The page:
Is Scientific Concordism Really a Feature of the Bible?

Scientific concordism is the default evangelical biblical interpretation that ASSUMES God revealed modern scientific concerns and scientific facts about our world along with revealed inerrant message of faith.  But, “Is scientific concordism really a feaLuthers Geocentric universeture of the Bible?”, as theologian AND scientist Dr. Denis O. Lamoureux asks?

Genesis 1:6 ¶ And God said, Let there be a firmament in the midst of the waters, and let it divide the waters from the waters.
7 And God made the firmament, and divided the waters which were under the firmament from the waters which were above the firmament: and it was so.
8 And God called the firmament Heaven. And the evening and the morning were the second day. (ESV)

 

This is the question to ask when viewing the “Bible and Ancient Science” talks by Denis O. Lamoureux DDS PhD PhD on his Web Lectures page and his other resources:

Is scientific concordism really a feature of the Bible?”

That is, did God’s revelation of inerrant messages of faith in the Bible include revelation of modern scientific facts and concepts thousands of years before being discovered with modern scientific instruments?

If Augustine, Luther and Calvin (quotes below) believed in an ancient phenomenologically-based ancient concept of a solid firmament in which the sun, moon and stars were fixed separating the waters (sea) above from the waters below, then how much more did Paul and the author(s) of Genesis?!?

St. Augustine (“Literal Meaning of Genesis”, 415 AD):

“They must certainly bear in mind that the term “firmament” does not compel us to imagine a stationary heaven: we may understand this name as give to indicate not that it is motionless but that it is solid and that it constitutes a impassible boundary between the waters above and the waters below.”

Martin Luther’s (1483-1546 AD) geocentric world included a firmament (“Lectures on Genesis”, 1536 AD).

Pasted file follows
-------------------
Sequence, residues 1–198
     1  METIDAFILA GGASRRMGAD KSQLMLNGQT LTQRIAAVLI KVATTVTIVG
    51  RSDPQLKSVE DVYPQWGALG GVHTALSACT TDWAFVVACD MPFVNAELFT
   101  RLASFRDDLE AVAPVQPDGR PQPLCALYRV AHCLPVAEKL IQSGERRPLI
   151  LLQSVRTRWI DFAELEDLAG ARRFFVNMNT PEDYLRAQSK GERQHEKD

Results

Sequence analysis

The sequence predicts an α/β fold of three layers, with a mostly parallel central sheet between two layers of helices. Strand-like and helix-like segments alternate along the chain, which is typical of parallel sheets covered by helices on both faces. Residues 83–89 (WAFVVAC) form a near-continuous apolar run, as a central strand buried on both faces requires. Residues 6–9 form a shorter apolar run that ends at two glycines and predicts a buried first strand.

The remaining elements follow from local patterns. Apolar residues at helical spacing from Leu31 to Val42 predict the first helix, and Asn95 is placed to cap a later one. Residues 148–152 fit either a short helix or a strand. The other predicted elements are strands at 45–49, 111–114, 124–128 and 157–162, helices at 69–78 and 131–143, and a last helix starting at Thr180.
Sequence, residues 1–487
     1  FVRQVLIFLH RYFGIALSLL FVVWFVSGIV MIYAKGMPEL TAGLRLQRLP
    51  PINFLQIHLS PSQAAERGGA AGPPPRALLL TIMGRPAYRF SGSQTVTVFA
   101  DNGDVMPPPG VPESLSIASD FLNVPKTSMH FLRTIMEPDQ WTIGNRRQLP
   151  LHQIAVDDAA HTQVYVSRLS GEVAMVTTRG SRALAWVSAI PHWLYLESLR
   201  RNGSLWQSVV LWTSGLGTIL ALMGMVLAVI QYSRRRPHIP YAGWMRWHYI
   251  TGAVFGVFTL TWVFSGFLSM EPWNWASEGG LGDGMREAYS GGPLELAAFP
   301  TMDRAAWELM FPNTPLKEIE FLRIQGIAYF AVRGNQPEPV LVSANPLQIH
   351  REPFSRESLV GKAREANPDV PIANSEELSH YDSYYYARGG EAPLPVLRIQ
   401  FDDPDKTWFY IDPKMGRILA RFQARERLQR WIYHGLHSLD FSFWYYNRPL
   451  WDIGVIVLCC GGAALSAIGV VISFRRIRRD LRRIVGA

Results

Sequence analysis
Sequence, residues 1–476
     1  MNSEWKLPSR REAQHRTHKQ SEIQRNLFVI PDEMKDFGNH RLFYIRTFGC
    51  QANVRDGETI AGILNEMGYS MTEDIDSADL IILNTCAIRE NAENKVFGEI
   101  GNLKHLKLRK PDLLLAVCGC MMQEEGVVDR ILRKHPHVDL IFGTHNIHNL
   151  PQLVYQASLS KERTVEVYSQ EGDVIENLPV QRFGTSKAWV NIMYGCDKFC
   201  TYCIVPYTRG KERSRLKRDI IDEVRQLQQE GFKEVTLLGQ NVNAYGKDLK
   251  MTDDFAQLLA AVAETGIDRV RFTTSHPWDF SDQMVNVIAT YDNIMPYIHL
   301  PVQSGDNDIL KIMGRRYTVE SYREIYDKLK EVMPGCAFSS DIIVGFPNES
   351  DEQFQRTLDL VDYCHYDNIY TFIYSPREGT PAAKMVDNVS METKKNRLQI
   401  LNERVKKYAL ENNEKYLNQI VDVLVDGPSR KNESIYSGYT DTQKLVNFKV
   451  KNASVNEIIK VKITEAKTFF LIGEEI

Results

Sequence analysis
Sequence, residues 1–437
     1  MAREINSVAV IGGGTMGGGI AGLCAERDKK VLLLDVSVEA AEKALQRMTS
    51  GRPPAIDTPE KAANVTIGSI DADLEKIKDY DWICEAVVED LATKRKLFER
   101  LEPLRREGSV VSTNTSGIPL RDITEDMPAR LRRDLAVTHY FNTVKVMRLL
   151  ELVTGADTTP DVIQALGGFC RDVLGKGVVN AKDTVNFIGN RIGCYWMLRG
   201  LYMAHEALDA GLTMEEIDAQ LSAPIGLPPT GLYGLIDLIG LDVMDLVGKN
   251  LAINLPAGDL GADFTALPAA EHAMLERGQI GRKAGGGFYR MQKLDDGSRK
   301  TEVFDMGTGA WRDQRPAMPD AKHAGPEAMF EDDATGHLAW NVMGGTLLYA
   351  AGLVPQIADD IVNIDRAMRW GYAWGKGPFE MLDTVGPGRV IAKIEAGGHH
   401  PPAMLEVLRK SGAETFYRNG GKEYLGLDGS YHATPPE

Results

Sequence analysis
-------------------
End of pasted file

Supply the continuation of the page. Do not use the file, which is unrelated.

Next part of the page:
“Scripture simply says that the moon, the sun and the stars were placed in the firmament of the Heaven [below and above which, that is the firmament, are the waters]. The bodies of the stars, like that of the sun, are round and they are fastened to the firmament like globes of fire”. Note that the brackets were included in the original text, not added.

John Calvin (1509-1564 AD) in “Commentary on Genesis, 1536 AD)”,

“We indeed are not ignorant that the circuit of the heavens is finite and the earth, like a little globe, is placed in the center. The prime mobile, that is the firmament, rolls all the celestial spheres along with it.”

Quotes above were transcribed from Lamoureux’s Hermeneutical Principle 16 that is part of Lamoureux’s online college course (free to view). For the image evidence at right in context see slide 7 at http://bit.ly/12MITE9 . NOTE: If you can’t view his Flash lectures on iPhone/iPad, there is an app for that — Photon Flash Player works well for me.

I think what Denis presents constitutes SOLID evidence (pun intended), even proof, that scientific concordism, the default hermeneutic for thousands of years and reason for so much science/faith confusion, is a hermeneutical ERROR!  Scientific concordism is clearly NOT a feature of the Bible.

So, what do we do with that?  “Did God lie in the Bible?”, as Dr. Lamoureux asks and teaches us so well — NO!, the Holy Spirit simply accommodated to the INCIDENTAL ancient “science” of the day to most effectively communicate to that ancient people inerrant messages of faith.  Why would God introduce modern scientific concerns to an ancient audience for which they would have no categories?

Therefore, “Separate, don’t conflate” the INCIDENTAL ancient science from the inerrant messages of faith (Lamoureux).

Once you get it, it’s Occam’s razor simple/elegant!

Yes, that approach, which has great explanatory power, especially given how I have to see the scientific data, also raises a new questions. There are trade-offs. Denis addresses these in his course and Web Lectures mentioned above. I find his view to be the best answer and a very satisfying one at that. I’m but an armchair theologian. Denis has the scientific and theological credentials to the PhD level. See these described at the end of this post. And that’s why I’m trying to get the word out.

Thoughts?

Keith Furman, PhD

http://www.linkedin.com/pub/keith-c-furman-phd/44/b99/684

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